It is hard to picture the scene in 21st-century Europe, but as debt-ridden Portugal heads into a new year of economic crisis, schools are stepping in to feed children who would otherwise go hungry at home.
One school in a poor district of north Lisbon stayed open over the Christmas break to serve up lunch to around 40 pupils, aged four to 18, out of its 800 enrolled students.
Advertisement"Otherwise the children risked going hungry for two weeks," explained its headmaster, who preferred to remain unnamed.
"Pupils had been coming in on a Monday morning nearly faint with hunger, after several days without eating properly."
Nationwide, Portuguese schools have been offering free breakfasts to thousands of children since the start of the school year as part of a programme funded by donors in the food industry.
By late November, some 13,000 children had been flagged up by schools participating in the scheme as facing nutritional problems, up 3,000 on a month earlier.
The Lisbon school also started by offering breakfast to a handful of needy pupils.
"Now, with the crisis growing worse, we are seeing more and more children who are not getting enough food," its headmaster told AFP.
Over the Easter break, the school expects to serve food to up to 100 children. Most of them have parents out of work -- like 16 percent of the Portuguese workforce -- but are not eligible for welfare, according to a social worker at the school.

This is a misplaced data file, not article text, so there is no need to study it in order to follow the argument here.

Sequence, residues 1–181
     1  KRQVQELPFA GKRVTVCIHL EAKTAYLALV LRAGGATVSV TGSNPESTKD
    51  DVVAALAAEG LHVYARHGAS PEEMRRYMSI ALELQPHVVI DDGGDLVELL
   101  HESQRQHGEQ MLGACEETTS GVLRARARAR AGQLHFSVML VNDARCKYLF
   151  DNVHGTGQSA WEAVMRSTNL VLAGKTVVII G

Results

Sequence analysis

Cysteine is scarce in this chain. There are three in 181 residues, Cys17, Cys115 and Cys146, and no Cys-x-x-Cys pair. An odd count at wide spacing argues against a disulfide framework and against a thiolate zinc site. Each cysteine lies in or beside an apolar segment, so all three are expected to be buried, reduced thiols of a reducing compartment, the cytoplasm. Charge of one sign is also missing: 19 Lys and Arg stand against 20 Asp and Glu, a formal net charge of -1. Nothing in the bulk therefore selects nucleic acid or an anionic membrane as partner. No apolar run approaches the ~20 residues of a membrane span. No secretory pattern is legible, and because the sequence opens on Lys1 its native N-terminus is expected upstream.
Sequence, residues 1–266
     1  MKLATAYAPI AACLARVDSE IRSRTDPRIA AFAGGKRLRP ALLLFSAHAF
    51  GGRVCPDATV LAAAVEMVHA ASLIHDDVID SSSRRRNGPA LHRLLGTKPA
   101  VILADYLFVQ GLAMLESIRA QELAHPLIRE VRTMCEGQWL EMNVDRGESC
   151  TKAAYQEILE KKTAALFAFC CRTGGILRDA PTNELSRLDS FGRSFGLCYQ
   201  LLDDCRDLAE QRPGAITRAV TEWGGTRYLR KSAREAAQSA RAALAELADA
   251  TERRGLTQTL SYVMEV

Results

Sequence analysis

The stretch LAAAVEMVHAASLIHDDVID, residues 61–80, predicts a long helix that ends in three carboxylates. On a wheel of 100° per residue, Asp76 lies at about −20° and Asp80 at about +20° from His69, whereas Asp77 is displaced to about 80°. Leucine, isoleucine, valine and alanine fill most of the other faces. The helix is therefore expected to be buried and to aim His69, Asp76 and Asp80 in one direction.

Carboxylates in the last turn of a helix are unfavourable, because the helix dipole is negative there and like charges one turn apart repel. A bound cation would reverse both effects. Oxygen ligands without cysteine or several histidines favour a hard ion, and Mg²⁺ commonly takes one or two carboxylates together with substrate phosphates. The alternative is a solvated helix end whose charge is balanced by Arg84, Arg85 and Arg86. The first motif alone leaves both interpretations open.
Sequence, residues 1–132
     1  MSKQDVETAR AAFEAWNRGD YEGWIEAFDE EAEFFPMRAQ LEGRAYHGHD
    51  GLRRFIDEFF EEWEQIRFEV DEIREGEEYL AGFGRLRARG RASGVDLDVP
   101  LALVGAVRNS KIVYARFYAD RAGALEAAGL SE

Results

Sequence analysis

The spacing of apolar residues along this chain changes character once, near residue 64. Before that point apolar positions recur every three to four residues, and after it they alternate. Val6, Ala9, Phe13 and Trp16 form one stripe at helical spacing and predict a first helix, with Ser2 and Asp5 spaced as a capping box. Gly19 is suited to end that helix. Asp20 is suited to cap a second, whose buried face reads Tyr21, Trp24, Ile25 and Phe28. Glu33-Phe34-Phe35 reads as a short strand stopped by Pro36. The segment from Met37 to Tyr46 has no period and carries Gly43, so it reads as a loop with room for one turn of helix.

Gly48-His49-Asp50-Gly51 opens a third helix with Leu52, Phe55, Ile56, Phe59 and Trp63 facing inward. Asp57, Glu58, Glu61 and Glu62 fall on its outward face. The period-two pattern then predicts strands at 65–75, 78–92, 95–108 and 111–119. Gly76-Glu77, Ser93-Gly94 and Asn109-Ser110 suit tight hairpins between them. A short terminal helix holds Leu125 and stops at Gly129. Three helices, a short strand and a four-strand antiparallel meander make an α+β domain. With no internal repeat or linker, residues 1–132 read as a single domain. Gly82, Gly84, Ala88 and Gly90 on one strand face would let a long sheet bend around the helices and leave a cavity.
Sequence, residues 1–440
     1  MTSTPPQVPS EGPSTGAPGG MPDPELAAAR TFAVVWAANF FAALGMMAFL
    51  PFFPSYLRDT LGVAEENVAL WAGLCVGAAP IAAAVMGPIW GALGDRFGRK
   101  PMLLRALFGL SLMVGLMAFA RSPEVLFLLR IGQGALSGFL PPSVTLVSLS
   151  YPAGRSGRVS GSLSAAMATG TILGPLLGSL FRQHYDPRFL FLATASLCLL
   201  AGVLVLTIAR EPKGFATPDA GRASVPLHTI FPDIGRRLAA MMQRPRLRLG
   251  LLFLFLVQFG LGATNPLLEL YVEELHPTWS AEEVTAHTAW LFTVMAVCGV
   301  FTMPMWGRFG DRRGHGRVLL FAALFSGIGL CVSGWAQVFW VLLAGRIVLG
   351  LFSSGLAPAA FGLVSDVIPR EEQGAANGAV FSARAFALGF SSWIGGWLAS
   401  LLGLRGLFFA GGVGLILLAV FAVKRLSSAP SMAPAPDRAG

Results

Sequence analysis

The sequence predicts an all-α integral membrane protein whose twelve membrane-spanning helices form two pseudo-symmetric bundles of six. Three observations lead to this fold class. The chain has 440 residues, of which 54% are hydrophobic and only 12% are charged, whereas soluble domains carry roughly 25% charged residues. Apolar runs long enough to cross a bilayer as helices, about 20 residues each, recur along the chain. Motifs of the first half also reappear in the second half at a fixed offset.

The Lisbon school has been financing the free meals from the profits generated by its regular canteen, as well as by selling off school equipment.
Social stigma ensured however that not all the children eligible for Christmas meals turned up.
"However hungry they are, around half, mostly teenagers, preferred not to come rather than own up to their parents' poverty before their schoolmates," said the headmaster.
Under the national anti-hunger programme, children flagged as facing nutritional problems are supposed to receive help from social services, along with their families. But in practice, these services are often swamped.
"Welfare officials tell us to send the families to one of the three social canteens run for children in the neighbourhood -- but there are no places left," said the Lisbon headmaster.
In the Lisbon suburb of Sacavem, primary and kindergarten headmistress Ana Parente tells a similar story.
"A lot of parents who were fine up until now are jobless. For the first time we have been providing free breakfasts to 10 primary school children," she told AFP.
More than half of all families in Sacavem get state help with covering school costs, and all of those families signed their children up for the town's daycare programme run over the Christmas holidays -- which includes a free meal. Last year only half had registered, according to town officials.
"Since 2010, parents until then considered to be middle class have been slipping close to the poverty line," said Albino Almeida of the National Parents' Association, CONFAP.
"The new food aid programme is a way to move faster and alleviate the problem -- but it doesn't solve it."
With a new wave of austerity measures set to kick in this month, campaigners expect worse to come.
Portugal last year became the third European Union nation to be bailed out by international creditors after it negotiated a package worth 78 billion euros ($101.5 billion) from the EU, the International Monetary Fund and the European Central Bank.
Its 2013 budget imposes an unprecedented austerity squeeze, including tax rises and cuts in unemployment and sick leave benefits.
"We are bracing for an exponential rise in the hardship faced by families," said Almeida. "The country as a whole is growing poorer, and we are seeing people slide into poverty like never before."
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